I’ll take a phrase “Plagiarism is a species of intellectual fraud that an author claims is original but has been copied from another source without permission or acknowledgment, thus deceiving and harming the reader.” Never mind the source. In the best tradition of true plagiarism, no attribution is forthcoming. Here I go: Plagiarism is a fraud. In its most blatant form, plagiarism is nothing less than a theft of intellectual property. Have I plagiarized the original? Actually, no. Although I lifted an idea from the source (plagiarism is theft), I hardly used the source verbatim. No copy-pasting here.
My bad. Let me try again. The original: Plagiarism is apparently so rife these days that it would not be surprising to discover that “The Little Book of Plagiarism,” by Richard A. Posner, has itself been plagiarized. Plagiarized version: These days, plagiarism is so rife that I wouldn’t be surprised if “The Little Book of Plagiarism,” by Richard A. Posner, has been plagiarized from some obscure blog buried in the backwaters of internet and show up on page 834,756 of Google search results.”
That’s better. Fresh and original, isn’t it? This time around, I used some of the verbiage of the source on top of copy-pasted original, which may or may not be plagiarized itself — one never knows unless one checks.
Creating this example, I march in step with the greats (and not-so-greats): Shakespeare stole the plot of Romeo and Juliet, Manet’s Olympia is a reworking of Titian’s Venus d’Urbino, Kaavya Viswanathan novel, How Opal Mehta Got Kissed, Got Wild, and Got a Life is lifted from Megan McCafferty, and numerous excerpts from Cassie Edwards’ novels generously borrowed from magazines and nonfiction books.
So? Writers of any genre, academics, bloggers, politicians, students and almost anyone who uses and publishes words — nearly everyone who writes, lectures and/or speaks — plagiarize sometimes. Those who don’t plagiarize like to have fun parsing published sentences, mining for word thieves. It’s easy — there is a software to do it, such as turnitin, widely used to detect heavy borrowing in student papers.
Is plagiarism a crime? Many authors who found themselves victims of thievery say a resounding yes.
Not so fast, says Richard A. Posner, a judge on the U.S. Seventh Circuit Court of Appeals, expert on intellectual property, author of The Little Book of Plagiarism, mentioned above. Posner’s assessment of plagiarism is that it is an “embarrassingly second-rate” offense, “its practitioners… pathetic,” and that plagiarism should remain an ethical rather than a legal offense, punished by public shaming. He dismisses the idea that good art must be totally original. Plagiarism? Wrong term, he says, although not in the same words, but I am done plagiarizing. Creative imitation is a more appropriate name for the phenomenon in question, says Posner.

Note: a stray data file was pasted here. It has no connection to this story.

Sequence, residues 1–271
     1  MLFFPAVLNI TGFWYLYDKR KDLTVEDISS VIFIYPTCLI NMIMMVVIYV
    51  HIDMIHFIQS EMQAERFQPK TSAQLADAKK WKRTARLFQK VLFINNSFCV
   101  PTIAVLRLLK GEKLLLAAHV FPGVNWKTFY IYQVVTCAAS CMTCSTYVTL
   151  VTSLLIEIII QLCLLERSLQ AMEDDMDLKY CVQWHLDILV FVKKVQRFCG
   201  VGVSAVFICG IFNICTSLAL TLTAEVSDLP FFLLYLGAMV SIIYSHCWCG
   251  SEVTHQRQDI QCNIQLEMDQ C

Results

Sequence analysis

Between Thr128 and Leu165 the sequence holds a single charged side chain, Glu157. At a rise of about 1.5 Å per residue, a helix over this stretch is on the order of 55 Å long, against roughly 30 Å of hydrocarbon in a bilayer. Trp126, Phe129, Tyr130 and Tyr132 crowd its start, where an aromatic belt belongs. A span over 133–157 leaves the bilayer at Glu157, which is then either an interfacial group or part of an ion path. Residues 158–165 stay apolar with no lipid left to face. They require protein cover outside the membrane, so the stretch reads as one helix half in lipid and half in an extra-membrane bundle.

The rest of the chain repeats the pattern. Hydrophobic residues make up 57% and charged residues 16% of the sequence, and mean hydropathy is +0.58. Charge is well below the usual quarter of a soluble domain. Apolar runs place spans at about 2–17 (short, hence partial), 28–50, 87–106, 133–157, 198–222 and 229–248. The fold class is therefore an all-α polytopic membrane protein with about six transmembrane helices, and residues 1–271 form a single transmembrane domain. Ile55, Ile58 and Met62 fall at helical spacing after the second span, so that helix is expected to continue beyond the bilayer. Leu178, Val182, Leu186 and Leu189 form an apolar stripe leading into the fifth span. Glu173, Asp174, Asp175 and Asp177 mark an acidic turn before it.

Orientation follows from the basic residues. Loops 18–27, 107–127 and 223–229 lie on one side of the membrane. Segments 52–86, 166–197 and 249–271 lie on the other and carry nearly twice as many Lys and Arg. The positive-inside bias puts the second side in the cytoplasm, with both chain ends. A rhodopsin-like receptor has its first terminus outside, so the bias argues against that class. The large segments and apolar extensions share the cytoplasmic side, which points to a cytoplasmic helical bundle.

Years ago, Ian McEwan was harshly criticized for filching details from another book in his 2002 bestseller Atonement. Thomas Pynchon (Gravity’s Rainbow, Against the Day) has defended McEwan in a letter to Britain’s Daily Telegraph, saying that if the writers of historical fiction were not present at the events described in their novels, they “must turn to those who were.” Richard A. Posner would’ve agreed — all power to creative imitation.
And now, a recent case in point. In August of this year, a Utah author, Rachel Ann Nunes of Orem, filed a federal lawsuit claiming that a Layton teacher, Tiffanie Rushton, cut and pasted large sections from an electronic copy of her book, plagiarizing her Christian romance novel, adding graphic sex scenes, and then passed it off as her own.
Nunes’ book Love to the Highest Bidder, published in 1998, came out as a slightly revised e-book, A Bid for Love, recently, is about two art dealers, one from New York and the other from California, who meet while competing for an Indian Buddha statue and fall in love.
Rushton’s manuscript, The Auction Deal, is about an art dealer who goes to Beverly Hills to bid on a rare sculpture and meets a successful gallery owner from Chicago. A true fit of creative imagination.
Here is an example from the case:
Nunes, the “source”, a sample line from chapter one: “For six years, he had put up with her overt stares and innuendos because she was not only his boss and sole owner of the gallery but also his friend.”
Rushton (writing under the pen name Sam Taylor Mullens), from chapter one: “For ten years, I’d tolerated her overt stares and innuendos because she was part owner of our gallery and always seemed to find opportunities with new clients that helped the gallery that I could not.”
Use your creative imagination, change names of characters and places (use replace all), infuse lots of graphic sex, then some more sex (it makes readers’ skirts fly up) and voila! — her book is your book. The niche Christian story Nunes wrote is recast into a sizzling book by Ms. Rushton with mass appeal (good Christians might read it under the blankets).
The case, Nunes hopes, would expose plagiarism as a plague of online self-publishing. It is unknown to what degree Ms. Nunes’ decision to pursue this matter was influenced by Ms. Rushton’s bizarre behavior — an unprecedented barrage of cyber-bulling. Speak of ethical rather than a legal offense! If interested in further details of this incident, read UTAH SCHOOL TEACHER CHARGED WITH PLAGIARISM, CYBER-BULLYING.